At this stage, the next gap (=3.0) is significantly greater (order of magnitude=5) than the current gap moving average of 0.6. Hence the point may not be desired to be included in the group, and the cluster is restricted to the first 5 cluster buddies.
 User Interface and Data Acquisition
 What has been described above relates to the information processing aspect of the preferred embodiment of the invention. Temporally, this information processing stage occurs after the information acquisition stage, where the complete systemic description of a user's medical/health state of being is elicited, and mapped to the SFW's comprising the Patient Description Vector, PDV. What will next be described is the information acquisition aspect of the preferred embodiment.
 The system of the preferred embodiment of the present invention is implemented on a computer network, such as the Internet. The user's gateway to the system is the Home Page, as shown in FIG. 1. Clicking on button 101 leads to a mission statement page, as shown in FIG. 2. Clicking on button 102 leads to the Your Privacy and Security page, shown in FIGS. 3-3C.
 Clicking on button 104 accesses the Account Signup page, as shown in FIG. 4, and the New Member Information box appears as therein depicted. The user fills out the interactive box and receivesaccessto the site. Button 105 leads to the What's News? page, as shown in FIG. 5, and button 106 leads to the Contact Us page, as shown in FIG. 6. Finally, button 107 leads to the Provider Resources page and subpages, as shown in FIGS. 7-7B. The menu bar, which is always at the bottom of the system screen, wherever one is in the system, will now be described, still with reference to FIG. 1. Menu Item 108 leads to the Reading Room, as shown in FIGS. 8 and 8A, Item 109 leads to the Discussion Area, as shown in FIGS. 9 and 9A. Item 110 leads to the Glossary, depicted in FIG. 10. Recall that one of the functions of the site and the system is to educate the user in the terms used to describe his or her health, so the glossary is quite an important tool. Item 111, Help, displays the help informational screen as shown in FIGS. 26-32.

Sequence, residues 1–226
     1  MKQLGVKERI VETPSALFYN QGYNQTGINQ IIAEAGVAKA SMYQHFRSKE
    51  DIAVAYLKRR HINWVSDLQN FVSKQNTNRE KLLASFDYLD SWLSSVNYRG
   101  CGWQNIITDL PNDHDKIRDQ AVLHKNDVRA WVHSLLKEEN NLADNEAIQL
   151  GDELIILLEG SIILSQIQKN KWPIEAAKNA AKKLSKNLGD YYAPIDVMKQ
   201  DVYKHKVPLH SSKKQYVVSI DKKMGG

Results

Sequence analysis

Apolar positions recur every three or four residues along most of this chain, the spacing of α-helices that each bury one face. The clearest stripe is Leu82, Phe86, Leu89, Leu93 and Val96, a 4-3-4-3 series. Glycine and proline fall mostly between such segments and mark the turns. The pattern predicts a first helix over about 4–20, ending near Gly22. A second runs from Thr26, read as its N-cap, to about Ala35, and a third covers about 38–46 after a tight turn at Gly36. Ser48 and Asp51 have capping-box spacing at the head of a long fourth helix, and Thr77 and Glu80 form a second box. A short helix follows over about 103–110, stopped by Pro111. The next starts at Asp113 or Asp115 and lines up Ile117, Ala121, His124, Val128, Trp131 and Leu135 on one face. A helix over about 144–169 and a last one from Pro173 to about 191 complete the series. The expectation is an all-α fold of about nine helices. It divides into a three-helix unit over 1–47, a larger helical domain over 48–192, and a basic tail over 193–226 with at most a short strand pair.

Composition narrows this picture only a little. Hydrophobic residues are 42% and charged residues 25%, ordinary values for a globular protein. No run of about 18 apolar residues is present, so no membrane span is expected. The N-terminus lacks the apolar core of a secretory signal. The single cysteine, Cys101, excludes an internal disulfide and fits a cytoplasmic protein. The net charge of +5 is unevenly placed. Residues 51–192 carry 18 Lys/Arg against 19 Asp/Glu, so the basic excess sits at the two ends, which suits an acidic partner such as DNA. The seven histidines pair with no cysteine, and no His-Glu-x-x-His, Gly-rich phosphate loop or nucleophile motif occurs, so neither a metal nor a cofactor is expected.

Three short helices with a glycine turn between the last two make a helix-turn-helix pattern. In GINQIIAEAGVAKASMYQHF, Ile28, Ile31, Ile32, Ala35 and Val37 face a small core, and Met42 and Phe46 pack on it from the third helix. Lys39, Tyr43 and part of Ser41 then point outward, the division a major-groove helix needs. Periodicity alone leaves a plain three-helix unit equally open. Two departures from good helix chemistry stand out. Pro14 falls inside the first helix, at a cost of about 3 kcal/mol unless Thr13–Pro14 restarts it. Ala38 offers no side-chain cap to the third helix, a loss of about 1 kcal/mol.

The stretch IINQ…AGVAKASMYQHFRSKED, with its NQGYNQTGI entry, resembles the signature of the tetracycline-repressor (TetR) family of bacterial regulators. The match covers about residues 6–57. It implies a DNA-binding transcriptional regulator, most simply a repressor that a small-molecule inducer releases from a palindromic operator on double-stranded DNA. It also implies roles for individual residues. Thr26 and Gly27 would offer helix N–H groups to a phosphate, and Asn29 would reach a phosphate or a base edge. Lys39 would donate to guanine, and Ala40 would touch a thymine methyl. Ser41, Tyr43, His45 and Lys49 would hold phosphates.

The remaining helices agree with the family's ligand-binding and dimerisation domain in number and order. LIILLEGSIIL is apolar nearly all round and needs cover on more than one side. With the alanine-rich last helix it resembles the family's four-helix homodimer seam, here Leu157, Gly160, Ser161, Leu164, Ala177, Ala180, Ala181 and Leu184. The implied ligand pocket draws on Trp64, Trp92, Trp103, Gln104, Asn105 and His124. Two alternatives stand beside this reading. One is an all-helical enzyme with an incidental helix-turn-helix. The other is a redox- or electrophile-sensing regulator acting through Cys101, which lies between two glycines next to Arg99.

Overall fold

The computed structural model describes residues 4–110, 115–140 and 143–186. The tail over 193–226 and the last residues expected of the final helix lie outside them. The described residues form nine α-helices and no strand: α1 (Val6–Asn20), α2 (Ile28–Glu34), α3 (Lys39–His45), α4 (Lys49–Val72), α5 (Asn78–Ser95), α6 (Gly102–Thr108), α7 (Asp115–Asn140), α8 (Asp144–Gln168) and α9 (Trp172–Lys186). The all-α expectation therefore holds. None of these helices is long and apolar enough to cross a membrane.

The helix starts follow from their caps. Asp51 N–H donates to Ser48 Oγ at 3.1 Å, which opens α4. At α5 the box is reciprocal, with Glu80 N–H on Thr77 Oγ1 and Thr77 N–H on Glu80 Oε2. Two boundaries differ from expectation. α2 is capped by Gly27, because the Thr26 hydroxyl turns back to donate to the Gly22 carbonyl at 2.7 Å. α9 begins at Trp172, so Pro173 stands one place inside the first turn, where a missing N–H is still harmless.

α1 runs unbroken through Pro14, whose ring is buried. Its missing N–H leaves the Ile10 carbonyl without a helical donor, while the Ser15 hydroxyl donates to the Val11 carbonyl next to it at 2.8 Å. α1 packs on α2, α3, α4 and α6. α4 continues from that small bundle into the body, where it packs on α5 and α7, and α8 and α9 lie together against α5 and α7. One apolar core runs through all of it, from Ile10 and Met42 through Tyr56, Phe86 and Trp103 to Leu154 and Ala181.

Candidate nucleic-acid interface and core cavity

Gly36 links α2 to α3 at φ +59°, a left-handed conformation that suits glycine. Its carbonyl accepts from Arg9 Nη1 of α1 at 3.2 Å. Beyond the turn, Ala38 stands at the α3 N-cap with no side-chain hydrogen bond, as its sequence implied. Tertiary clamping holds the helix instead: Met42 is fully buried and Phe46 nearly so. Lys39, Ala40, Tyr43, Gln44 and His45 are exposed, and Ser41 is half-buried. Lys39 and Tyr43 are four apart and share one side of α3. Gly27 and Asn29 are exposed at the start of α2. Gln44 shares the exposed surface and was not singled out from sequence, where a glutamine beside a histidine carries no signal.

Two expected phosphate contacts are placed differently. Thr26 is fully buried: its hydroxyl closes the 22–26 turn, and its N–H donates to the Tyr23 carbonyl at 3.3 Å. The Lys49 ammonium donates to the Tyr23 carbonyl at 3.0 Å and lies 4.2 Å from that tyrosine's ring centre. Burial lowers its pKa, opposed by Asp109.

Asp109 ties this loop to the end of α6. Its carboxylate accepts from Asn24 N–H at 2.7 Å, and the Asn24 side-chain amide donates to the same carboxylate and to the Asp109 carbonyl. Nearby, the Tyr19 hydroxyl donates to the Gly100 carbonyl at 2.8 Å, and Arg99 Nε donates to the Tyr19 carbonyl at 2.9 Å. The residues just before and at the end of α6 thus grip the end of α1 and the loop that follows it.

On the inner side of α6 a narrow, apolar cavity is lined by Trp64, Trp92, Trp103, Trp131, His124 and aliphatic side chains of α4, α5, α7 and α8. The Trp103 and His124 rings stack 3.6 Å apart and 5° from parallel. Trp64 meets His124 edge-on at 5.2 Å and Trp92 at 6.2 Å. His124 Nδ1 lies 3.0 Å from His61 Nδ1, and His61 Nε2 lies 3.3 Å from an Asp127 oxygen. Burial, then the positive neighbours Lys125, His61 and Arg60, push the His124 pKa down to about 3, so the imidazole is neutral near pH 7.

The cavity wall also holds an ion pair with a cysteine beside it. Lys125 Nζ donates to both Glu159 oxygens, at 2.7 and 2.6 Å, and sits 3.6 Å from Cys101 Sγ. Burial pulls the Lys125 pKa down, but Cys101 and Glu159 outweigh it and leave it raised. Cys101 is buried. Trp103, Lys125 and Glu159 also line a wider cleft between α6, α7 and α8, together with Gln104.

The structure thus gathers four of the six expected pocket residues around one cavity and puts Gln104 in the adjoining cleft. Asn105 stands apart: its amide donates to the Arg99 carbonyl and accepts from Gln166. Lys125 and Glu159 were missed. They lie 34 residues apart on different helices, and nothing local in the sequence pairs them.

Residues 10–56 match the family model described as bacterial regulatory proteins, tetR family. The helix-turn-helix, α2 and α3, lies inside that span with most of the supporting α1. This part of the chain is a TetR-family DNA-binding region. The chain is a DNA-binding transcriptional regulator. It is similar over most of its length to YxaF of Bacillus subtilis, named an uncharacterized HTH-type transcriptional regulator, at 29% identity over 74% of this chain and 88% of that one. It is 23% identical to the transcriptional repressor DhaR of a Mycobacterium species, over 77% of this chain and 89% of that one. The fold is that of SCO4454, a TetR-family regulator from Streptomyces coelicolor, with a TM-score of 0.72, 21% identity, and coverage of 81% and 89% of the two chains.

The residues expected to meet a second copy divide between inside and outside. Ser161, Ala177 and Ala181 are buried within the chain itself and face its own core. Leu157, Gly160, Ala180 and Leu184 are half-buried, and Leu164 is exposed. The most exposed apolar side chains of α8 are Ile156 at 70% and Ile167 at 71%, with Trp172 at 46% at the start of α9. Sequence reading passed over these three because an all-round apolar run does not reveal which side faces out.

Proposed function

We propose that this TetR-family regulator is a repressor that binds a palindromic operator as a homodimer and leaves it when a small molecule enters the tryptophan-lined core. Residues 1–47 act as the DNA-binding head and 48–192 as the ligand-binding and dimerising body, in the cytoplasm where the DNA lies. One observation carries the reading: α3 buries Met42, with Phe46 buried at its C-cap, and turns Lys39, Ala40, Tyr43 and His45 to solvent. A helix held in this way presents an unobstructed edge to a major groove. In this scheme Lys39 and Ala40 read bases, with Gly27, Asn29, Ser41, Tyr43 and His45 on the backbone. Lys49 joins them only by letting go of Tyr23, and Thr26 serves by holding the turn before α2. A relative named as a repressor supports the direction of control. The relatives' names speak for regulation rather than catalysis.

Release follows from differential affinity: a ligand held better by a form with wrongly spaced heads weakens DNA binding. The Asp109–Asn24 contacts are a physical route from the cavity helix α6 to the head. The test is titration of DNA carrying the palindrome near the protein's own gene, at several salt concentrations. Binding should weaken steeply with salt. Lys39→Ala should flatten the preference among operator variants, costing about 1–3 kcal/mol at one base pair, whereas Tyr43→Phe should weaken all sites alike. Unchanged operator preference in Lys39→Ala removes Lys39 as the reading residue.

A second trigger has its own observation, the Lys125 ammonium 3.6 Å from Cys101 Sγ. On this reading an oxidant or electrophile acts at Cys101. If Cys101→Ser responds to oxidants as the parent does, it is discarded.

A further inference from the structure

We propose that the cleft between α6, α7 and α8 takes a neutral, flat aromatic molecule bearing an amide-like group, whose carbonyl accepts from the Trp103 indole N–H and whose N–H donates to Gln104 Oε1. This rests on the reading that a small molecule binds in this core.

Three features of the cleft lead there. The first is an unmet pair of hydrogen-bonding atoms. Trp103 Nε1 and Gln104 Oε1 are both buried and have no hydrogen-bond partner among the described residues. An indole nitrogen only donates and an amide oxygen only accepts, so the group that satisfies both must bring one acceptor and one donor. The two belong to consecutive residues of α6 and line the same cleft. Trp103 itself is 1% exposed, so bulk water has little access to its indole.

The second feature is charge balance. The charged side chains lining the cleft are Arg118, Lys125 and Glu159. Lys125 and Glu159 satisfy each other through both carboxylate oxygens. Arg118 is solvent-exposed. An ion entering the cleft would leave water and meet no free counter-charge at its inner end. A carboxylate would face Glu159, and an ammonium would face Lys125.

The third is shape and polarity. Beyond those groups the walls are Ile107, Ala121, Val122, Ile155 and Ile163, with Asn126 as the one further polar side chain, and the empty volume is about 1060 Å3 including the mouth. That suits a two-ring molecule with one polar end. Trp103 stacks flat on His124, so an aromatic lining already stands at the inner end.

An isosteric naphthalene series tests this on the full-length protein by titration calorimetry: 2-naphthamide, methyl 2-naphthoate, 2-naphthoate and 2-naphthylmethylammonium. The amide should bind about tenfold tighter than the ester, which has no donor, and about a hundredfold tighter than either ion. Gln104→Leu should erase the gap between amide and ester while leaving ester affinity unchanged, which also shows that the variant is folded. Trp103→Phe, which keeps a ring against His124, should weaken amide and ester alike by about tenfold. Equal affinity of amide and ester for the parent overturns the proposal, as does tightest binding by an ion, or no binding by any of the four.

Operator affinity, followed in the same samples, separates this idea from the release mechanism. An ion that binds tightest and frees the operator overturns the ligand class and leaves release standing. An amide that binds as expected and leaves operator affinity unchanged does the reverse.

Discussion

Item 112 leads the user to a system search screen.
 The critical interactions between the user and the system of the invention occur in the information acquisition phase, which occurs when the user, interacting with the system interface, describes his detailed state of health, the treatments he is taking, his primary and secondary problems, and the results of lab tests.
 The interface operates as follows. From the system Home page, shown in FIG. 1, upon clicking on the Member Home Page button 113, the user is taken to the Member Home Page, and sees the screen depicted in FIG. 33.
 Upon clicking on the Your Health Profile button 3301, or the “go” sign to the right of it, the user is taken to the Your Health Profile page, and sees the screen depicted in FIG. 34.
 There are six categories of information which can be entered and managed (i.e., edited) by the user at this page. Member Information, Treatments, Primary Problems, Secondary Problems, and Diagnostic Tests. The Medical Summary category cannot be edited, inasmuch as it represents the output from the system to the user, or for the benefit of the user's physician, but new summaries can be run by the user at any time, and are intended tobe run if any of the other data has changed. Clicking Member Information 3401 takes the user to that page, and displays the screen depicted in FIG. 35.
 At this juncture the user can modify or add to any desired information that has already been stored, and then click at the button labeled Return to: Your Health Profile to return to the Your Health Profile page.